The buzzword in Customer Service and Contact Centers over the past few years has been omni-channel. Omni-channel supposedly stands for a singular, high-quality personalized experience that a customer has with a brand that occurs regardless of where or what device the customer is using to get service. But in speaking with several industry analysts over the past week, we heard “omni-channel, schmomni-channel,” meaning the term isn’t as broadly understood as many would think. There is confusion and a very different definition by businesses around the world that use the term vs. how vendors use it!
Let’s think a little bit about the history of customer service. It started with phone calls. Then service evolved to “multi-channel,” which really ended up to be 1 or 2 channels, like email and chat, that a business would implement. These channels acted independently, and for 90% of businesses today, still do. The channels, organizations, and data are captured nicely and neatly, but IN SILOS! This is bad. Silos mean a disjointed experience for the customer, a critical asset to any company.
This reminds me of a personal experience I had with a financial services institution (not an Avaya customer by the way) after they changed a recurring payment without any notification, nor my approval. I only discovered what happened when I was notified of a late payment because the full amount had not been submitted. I called and they can’t tell me how or why this change was made because “only customer service, not billing, has access to that information.”
What I experienced happens all too often, and represents a major problem in customer service today. Customers have one experience on the web, a different one on the phone or in-person, and yet another on their mobile device. Ultimately this reflects poorly on the brand.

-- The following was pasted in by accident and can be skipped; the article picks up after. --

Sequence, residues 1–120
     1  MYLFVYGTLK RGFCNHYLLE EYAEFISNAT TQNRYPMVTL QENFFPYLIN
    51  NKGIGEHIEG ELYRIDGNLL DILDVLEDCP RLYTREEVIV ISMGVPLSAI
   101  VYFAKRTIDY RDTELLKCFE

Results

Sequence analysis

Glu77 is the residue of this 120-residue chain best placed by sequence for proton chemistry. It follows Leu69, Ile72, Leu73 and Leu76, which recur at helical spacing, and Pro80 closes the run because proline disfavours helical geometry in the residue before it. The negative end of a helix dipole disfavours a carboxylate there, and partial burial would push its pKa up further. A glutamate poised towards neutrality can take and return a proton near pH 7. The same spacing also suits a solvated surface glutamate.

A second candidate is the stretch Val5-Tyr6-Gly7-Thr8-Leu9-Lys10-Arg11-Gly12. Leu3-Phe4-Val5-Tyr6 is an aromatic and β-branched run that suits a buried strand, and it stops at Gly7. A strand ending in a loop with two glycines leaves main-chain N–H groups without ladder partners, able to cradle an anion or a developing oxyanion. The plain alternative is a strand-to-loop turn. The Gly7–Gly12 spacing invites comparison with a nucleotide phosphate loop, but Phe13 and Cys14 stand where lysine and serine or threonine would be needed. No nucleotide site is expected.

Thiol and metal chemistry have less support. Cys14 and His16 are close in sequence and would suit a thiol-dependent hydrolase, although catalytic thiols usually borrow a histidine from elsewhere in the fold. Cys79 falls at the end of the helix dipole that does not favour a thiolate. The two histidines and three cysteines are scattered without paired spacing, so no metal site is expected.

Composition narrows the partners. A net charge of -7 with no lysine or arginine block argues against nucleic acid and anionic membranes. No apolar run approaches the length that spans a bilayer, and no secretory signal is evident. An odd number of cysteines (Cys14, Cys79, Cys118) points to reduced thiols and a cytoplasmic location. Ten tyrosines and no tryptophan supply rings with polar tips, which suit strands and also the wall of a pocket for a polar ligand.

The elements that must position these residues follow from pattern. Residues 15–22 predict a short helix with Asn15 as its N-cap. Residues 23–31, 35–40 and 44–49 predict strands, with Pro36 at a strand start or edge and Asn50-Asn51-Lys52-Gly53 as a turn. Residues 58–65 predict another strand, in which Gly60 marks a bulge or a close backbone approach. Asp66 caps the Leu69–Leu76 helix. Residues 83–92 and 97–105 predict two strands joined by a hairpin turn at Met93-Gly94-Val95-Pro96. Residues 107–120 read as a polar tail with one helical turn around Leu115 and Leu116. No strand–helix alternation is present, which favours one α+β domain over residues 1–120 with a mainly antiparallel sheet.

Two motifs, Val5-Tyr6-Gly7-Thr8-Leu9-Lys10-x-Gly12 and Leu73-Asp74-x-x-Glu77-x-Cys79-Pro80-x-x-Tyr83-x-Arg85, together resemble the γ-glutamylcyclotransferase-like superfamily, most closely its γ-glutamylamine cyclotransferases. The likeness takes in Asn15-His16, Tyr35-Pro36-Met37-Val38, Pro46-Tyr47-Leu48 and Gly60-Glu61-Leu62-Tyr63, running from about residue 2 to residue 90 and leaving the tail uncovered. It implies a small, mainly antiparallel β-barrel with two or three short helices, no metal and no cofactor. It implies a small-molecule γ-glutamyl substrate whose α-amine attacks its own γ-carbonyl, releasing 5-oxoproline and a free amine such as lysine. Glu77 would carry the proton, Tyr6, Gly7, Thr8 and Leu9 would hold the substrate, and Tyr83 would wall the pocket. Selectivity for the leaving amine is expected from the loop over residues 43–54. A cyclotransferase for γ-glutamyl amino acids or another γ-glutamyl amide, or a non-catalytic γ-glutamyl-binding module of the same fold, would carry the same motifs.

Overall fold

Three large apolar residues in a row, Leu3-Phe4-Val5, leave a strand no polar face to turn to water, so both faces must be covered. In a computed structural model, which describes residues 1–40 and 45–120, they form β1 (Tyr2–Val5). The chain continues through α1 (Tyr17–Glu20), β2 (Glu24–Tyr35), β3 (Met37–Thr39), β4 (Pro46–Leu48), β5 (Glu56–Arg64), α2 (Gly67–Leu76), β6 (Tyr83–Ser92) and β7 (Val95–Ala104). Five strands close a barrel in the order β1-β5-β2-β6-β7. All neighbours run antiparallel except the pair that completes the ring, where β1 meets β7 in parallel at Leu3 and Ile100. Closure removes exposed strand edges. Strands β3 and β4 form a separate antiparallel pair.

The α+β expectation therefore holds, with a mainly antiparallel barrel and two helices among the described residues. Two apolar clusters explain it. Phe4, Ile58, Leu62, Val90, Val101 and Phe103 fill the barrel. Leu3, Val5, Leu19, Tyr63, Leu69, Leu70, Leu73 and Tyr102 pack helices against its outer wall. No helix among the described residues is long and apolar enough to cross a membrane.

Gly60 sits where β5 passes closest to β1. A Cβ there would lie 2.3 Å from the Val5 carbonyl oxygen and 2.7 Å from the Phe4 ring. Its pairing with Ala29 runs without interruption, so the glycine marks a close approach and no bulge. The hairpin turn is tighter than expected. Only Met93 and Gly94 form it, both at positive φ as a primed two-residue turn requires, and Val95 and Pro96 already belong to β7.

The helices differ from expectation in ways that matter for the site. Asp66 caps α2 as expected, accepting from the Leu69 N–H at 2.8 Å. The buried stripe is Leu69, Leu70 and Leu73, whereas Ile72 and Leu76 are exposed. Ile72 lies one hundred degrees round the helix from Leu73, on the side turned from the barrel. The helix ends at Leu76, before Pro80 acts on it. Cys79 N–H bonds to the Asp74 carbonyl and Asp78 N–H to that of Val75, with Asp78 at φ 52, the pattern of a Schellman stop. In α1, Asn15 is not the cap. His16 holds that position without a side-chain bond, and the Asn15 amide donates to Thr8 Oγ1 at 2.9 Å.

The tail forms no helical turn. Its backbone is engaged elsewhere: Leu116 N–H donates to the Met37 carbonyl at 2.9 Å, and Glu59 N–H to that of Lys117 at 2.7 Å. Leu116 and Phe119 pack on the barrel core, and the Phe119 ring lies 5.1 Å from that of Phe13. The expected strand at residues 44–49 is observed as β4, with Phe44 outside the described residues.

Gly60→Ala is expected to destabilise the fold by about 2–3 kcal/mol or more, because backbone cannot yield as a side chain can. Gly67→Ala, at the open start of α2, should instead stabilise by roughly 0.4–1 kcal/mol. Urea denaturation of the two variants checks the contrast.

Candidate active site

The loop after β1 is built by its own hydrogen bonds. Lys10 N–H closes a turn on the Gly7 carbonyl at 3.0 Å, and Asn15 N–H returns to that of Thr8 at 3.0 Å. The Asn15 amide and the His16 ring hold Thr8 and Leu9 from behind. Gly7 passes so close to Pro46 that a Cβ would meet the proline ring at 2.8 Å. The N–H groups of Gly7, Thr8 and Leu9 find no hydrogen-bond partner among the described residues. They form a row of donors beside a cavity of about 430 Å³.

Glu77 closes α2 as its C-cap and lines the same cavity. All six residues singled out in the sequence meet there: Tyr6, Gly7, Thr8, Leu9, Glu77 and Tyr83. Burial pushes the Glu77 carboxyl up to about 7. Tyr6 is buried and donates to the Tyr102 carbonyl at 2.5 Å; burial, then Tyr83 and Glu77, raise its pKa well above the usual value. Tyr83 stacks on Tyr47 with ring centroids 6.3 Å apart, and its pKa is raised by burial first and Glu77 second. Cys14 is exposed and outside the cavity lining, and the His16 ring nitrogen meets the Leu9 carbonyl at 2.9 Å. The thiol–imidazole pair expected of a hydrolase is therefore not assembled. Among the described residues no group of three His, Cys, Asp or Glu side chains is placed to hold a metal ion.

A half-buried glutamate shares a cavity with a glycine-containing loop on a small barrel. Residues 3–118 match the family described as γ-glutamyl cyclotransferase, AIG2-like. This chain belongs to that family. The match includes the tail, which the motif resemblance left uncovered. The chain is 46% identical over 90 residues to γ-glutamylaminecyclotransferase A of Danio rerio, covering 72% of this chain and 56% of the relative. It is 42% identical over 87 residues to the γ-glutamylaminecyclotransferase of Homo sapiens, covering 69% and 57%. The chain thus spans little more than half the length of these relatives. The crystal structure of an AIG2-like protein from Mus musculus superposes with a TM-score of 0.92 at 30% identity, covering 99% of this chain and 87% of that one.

Almost every vendor of customer service technology has declared that their solution delivers an open, flexible, omni-channel experience, but in reality, it’s been a bit of a stretch. We haven’t connected all the piece parts to make it possible—all data sources (from all vendors) to one repository, in one view, with an agent and customer experience that provides the full perspective. Perhaps the obvious question is: why has it been a stretch? I think the answer has to do with square pegs and round holes.
So I hereby proclaim a better term: multi-touch, meaning multiple touch points. It’s a unified operation where data is shared, delivering a consistent brand experience across all touch points—phone, mobile web page, mobile app, desktop, social media, and in the branch. Multi-touch is all about differentiation in a highly competitive market.
Multi-touch also delivers a new frame of reference: for the customer, for the agent and for the business. But it’s a frame of reference that needs to build on our existing investments and knowledge—customers aren’t going to replace their devices, and businesses aren’t going to throw out their tested solutions. That means any solutions must be:
- Bulletproof. Businesses will not put their critical customer contact capabilities in jeopardy—there is far too much at stake. So a multi-touch architecture needs to be proven reliable—if the foundation can’t handle voice at five 9s, the move to multi-touch is unlikely to be a smooth one.
- Flexible. Multi-touch is a journey for most enterprises. They want to build, learn and grow, not take a swan dive off the high board. So a platform that allows migration at the enterprise’s pace with no disruption is essential.
- Complete. Enterprises won’t turn to multi-touch on a dime, but they do need to know that they have a solution that will get them to the promised land: a solution that will truly change the way they offer customer service, not just at a surface level, but at a level that make that service a bona fide part of their brand.
Multi-touch delivers the same brand experience across all channels, consistently. A consistent experience is accomplished when different groups share information and data freely and in real time throughout the entire organization. It is no longer about taking information and building a routing rule, it is about taking the information and leveraging it to engage the best resources and up-to-date information to ensure the best customer experience—implement strategies not rules! In doing so, businesses are better able to adjust and make decisions faster, ultimately leading to a better customer experience.
At the upcoming IAUG, I’m excited about the announcements that will continue the conversation Avaya started at Enterprise Connect in March on how our solutions can help companies win the customer experience battle. I look forward to spending several days with our customers, listening to their needs, and getting their opinions on multi-touch solutions and the differences they can make for their businesses and the experiences they deliver to their customers.